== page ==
Free­lancers and on-demand hires offer flex­i­bil­i­ty. Even if you’re renew­ing a con­tract with one of them on a reg­u­lar basis, you only have to pay them for the work they actu­al­ly do. You can turn to them when the work demands more help or when their par­tic­u­lar ser­vice will enhance outcomes.

Cons of the Gig Economy

Carousel of Workers

Team dynam­ics can be hard to pin down when you are always work­ing with dif­fer­ent peo­ple. Even if you con­sis­tent­ly work with the same free­lancers, they are not bound by the same par­tic­i­pa­tion expec­ta­tions as full-time work­ers. This can make it even more chal­leng­ing to define a cul­ture or help teams bet­ter collaborate.

Different Kind of Relationships

There’s more of a hier­ar­chy when you are work­ing with full-time employ­ees. Man­agers and super­vi­sors over­see their work and usu­al­ly pro­vide some sort of per­for­mance mea­sure­ments to track their progress. With free­lancers, you are their client. They are still work­ing for you, but it changes the dynam­ic of the relationship.

This becomes most com­pli­cat­ed with con­tin­gent work­ers, who work con­sis­tent­ly for a com­pa­ny but with­out job secu­ri­ty or tra­di­tion­al ben­e­fits. They do this for a num­ber of rea­sons, includ­ing hav­ing more free­dom over their sched­ules, being able to work for oth­ers, and being their own boss. As a result, the con­tract dic­tates their work more than the man­ag­er does. How­ev­er, the man­ag­er or com­pa­ny could end up being a dis­sat­is­fied cus­tomer, and con­tin­gent work­ers can be let go at any time and you don’t have to prove they deserved to be fired.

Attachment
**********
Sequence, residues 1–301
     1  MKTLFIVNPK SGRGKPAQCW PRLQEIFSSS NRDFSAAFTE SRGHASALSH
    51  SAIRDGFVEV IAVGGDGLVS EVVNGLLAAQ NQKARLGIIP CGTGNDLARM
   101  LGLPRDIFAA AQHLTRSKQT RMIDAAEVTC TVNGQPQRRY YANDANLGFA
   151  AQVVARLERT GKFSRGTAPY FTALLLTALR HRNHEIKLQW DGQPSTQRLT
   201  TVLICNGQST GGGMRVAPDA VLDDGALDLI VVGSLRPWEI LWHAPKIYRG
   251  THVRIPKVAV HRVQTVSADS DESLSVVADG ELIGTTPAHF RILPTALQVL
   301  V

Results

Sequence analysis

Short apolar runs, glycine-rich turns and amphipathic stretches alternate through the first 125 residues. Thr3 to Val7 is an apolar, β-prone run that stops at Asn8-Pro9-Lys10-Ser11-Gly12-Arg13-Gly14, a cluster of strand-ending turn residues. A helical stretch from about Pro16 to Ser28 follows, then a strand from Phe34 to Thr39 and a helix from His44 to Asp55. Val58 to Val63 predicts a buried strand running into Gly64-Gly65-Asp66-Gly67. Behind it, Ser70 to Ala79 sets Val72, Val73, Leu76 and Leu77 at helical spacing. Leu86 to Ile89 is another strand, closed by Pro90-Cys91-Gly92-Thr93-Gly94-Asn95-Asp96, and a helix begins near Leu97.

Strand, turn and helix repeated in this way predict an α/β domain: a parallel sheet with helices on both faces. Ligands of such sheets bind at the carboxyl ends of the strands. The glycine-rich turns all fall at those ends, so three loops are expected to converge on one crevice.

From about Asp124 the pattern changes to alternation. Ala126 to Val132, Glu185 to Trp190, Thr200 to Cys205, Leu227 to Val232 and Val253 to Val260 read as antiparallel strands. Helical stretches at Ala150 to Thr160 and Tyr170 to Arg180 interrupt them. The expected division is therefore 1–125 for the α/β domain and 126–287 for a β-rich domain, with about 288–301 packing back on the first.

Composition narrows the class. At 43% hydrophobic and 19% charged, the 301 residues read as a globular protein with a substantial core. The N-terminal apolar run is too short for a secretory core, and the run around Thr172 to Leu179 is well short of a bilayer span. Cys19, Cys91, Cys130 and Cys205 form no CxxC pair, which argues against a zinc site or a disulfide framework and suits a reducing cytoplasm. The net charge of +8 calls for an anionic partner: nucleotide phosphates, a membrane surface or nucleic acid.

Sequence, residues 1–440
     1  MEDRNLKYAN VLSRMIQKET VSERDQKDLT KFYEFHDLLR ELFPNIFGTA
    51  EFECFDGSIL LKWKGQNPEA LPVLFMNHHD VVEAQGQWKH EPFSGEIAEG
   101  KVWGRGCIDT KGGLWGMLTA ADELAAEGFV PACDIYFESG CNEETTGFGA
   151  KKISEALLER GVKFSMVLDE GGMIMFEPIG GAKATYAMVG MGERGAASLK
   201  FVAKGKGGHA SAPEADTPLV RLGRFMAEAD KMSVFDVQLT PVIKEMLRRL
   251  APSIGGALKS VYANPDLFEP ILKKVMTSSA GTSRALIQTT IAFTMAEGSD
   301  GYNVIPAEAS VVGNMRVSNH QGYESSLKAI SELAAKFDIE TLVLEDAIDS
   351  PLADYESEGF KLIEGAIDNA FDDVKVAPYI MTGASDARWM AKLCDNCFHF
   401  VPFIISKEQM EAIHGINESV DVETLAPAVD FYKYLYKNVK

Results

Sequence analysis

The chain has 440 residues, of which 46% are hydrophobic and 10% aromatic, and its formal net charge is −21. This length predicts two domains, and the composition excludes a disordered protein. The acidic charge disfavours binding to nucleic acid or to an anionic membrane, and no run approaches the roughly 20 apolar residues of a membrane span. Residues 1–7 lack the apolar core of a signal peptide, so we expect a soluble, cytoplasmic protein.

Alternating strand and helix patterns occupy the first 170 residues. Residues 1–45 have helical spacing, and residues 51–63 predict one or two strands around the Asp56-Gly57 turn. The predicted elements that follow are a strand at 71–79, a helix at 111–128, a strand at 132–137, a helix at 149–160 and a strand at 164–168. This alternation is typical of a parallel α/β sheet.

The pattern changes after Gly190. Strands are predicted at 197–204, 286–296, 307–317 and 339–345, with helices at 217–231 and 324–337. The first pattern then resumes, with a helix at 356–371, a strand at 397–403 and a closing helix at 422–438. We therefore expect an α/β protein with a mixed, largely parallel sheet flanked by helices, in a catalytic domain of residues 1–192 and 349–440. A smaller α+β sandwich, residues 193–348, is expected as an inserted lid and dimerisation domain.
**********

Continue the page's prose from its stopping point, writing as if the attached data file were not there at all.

Lack of Routine

If you’re work­ing with a blend­ed team – full-time employ­ees and free­lancers or con­tin­gent work­ers – you might have a hard time cre­at­ing a sol­id sched­ule or rou­tine for the group. Poten­tial­ly you could still get the job done, but full-time employ­ees might feel incon­ve­nienced or maybe even a bit resent­ful. They have to be in one place for a cer­tain amount of time, where­as their free­lance coun­ter­parts are free to work on their own clock.

Obvi­ous­ly, there are pros and cons to the gig econ­o­my. But HR lead­ers can’t afford to ignore the fact that there is a soci­etal shift toward this kind of work­place, where peo­ple have more free­dom over their sched­ules, the kind of work they do, and even the rela­tion­ship they have with employ­ers. There’s still so much we have to fig­ure out when it comes to the gig economy.

“Online gig work has grown increas­ing­ly com­mon in recent years – and yet there’s still lim­it­ed under­stand­ing of how to effec­tive­ly sup­port these non-tra­di­tion­al work­ers,” accord­ing to Har­vard Busi­ness Review. “While gig work­ers can ben­e­fit from greater flex­i­bil­i­ty and auton­o­my than tra­di­tion­al employ­ees, they also face unique chal­lenges: less job secu­ri­ty, few­er resources for career devel­op­ment, and often, a strong sense of alien­ation and dif­fi­cul­ty find­ing mean­ing in their work.”

In fact, many reports have sug­gest­ed that HR lead­ers in the future will pro­vide access to resources regard­ing ben­e­fits like med­ical insur­ance instead of pay­ing for it as they would for a full-time employ­ee. Com­pa­nies may begin to sup­port co-work­ing spaces to pre­vent iso­la­tion of their con­tin­gent or free­lance work­ers. The point is that change is afoot, and HR lead­ers are paving the way for this new work paradigm.

By Francesca Di Meglio

Orig­i­nal­ly post­ed on HR Exchange Network